Thursday, October 21, 2010

The Isolation Of Mental Illness

I've reached an age where I'm attending funerals more often. The latest sad occasion marked the passing of a friend's mother.

We all knew the woman was odd but when you're young, you tend to think all older people are out of step with reality as you know it. She didn't cook or clean the house like our mothers, but her own mother always seemed to be there to handle the chores.

As we grew older, I noticed that my friend took on responsibility for his own upbringing. When it was time to go to university, he found a ride with someone going that way, packed up his own belongings, and that was it. He studied with a mind to taking over his father's business. Too old to require adult supervision when we got together over holiday breaks, we rarely saw his mother except in passing.

When he married, he fretted about his mother getting her teeth fixed and we came to find out that the woman was incapable of normal dental hygiene, and wouldn't see a dentist. Odd, but then again, there are those with a fear of the dentist.

The little eccentricities you don't notice as a child are magnified when you're older and have taken a course in psychology. Witnessing a woman wash a few garments, only to wash them again, and then again, left me wondering if I should suggest to my friend that his mother might be in need of help. Her napkin shredding, the way she made a ritual of eating that made a meal last for an hour, all hinted at mental illness.

What right does a son have to force his mother to do anything? Sadly, his father was a man of the old school who believed that a wife's job was to care for the family and if she didn't do it, she was fired. Rather than drag her to a professional for treatment, the father got a divorce. Not one of his social set criticized him. They wondered why he put up with it for so long.

My friend's mother lived by herself and turned her back on everyone. She alienated her extended family by not attending funerals of cousins who passed away, by refusing to speak to them if they tried to phone. With her husband footing the bills, she ate at restaurants every night. If we happened to see her, alone at a corner table, she turned away or hid behind the menu until she was finished, and then she slipped out through a back door. She needs help, we'd say to each other, but her son felt powerless.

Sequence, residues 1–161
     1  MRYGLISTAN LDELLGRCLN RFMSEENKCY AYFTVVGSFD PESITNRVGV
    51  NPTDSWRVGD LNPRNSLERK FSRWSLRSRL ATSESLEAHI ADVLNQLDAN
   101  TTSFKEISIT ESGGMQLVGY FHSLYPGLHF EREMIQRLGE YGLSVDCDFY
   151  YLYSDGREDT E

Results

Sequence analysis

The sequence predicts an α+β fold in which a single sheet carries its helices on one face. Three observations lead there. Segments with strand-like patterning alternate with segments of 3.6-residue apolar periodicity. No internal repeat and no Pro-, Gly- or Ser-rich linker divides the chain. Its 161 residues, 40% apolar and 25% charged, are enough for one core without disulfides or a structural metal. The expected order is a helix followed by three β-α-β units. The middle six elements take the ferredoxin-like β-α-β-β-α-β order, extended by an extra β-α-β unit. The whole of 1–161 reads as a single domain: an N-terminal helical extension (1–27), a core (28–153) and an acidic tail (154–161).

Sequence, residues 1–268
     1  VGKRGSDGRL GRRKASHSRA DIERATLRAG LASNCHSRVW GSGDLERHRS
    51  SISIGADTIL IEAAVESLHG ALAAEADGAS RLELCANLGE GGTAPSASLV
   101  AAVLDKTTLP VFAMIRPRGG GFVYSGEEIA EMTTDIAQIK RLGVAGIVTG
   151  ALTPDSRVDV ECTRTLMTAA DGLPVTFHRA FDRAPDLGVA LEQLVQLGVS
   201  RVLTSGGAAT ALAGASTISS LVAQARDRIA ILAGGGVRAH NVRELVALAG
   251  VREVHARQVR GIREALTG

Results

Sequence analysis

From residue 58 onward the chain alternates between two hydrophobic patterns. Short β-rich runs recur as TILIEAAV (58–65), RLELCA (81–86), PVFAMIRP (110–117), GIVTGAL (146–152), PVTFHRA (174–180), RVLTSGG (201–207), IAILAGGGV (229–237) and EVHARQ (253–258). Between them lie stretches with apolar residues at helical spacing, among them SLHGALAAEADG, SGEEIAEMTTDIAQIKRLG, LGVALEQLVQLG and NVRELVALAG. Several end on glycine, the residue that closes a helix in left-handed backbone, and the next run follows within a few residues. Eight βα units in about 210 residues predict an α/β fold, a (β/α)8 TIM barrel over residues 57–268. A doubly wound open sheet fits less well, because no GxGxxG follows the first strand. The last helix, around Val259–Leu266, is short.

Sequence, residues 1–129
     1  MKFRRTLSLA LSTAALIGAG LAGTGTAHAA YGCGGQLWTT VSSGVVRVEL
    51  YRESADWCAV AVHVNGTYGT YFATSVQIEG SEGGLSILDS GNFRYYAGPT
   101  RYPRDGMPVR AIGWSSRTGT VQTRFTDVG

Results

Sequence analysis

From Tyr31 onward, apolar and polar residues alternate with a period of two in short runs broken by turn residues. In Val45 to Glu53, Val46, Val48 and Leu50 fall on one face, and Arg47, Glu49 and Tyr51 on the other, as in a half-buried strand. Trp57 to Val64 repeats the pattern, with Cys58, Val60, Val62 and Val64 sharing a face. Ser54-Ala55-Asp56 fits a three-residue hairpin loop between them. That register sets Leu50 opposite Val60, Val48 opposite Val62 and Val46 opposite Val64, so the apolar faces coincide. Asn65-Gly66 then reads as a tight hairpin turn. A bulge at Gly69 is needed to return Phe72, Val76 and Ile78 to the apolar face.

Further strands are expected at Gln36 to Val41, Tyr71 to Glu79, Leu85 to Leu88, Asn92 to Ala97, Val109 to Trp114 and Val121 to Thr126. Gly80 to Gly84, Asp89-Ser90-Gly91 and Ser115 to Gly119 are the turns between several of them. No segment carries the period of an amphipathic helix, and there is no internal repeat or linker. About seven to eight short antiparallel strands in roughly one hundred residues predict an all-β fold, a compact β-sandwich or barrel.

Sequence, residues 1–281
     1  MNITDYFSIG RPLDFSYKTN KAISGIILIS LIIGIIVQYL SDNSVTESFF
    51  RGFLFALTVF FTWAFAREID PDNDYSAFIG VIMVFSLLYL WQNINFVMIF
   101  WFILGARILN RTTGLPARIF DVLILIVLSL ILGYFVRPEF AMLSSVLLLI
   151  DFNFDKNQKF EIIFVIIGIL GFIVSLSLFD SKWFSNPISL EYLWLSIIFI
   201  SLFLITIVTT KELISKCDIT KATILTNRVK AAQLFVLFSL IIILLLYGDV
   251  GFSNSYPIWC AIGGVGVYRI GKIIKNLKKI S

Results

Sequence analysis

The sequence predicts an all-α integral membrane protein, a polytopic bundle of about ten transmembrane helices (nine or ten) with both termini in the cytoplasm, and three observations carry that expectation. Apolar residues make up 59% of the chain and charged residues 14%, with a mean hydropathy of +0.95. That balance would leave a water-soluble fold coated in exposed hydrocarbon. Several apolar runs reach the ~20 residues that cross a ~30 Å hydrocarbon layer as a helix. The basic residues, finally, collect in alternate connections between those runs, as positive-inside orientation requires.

He knew that his mother was living in squalor, by herself all day and night without a visitor. She made no social calls on anyone. My friend had to schedule his parents' arrival and departure from his children's birthday parties to avoid conflict. His mother regaled us all with bizarre tales of neighbors hiding knives in the hedges and she couldn't risk a walk in her back garden. She needs help, we'd say as we left the party, but our friend knew all that already.

My friend called on her every Sunday, desperate to convince her to see a doctor but getting rebuffed every time. One day he noticed that his mother had developed gangrene in her extremities. She had no choice but to be taken to a hospital before she developed septicemia and died a slow death.

Congestive heart failure was the diagnosis. My friend installed his mother in a nursing home under the guise of medical treatment. Like a captive audience, she had no choice in the matter when the staff psychiatrist came a-calling.

Help came too late. Medication calmed the worst of the behaviors, but no one came to visit and see the results. Mental illness left unchecked had robbed my friend's mother of her social contacts. In the hospital, she was as alone as she had ever been. My friend continued to visit every few days, relieved after a lifetime of stress.

She died alone. No dutiful husband was there to hold her hand at the final moments. My friend has his own family to care for, along with a business that is struggling in a weak economy.

Those who wouldn't speak to her in life because they took her derangement personally showed up to mourn her passing. She should have gotten help, they all said. Now, however, she's beyond helping.

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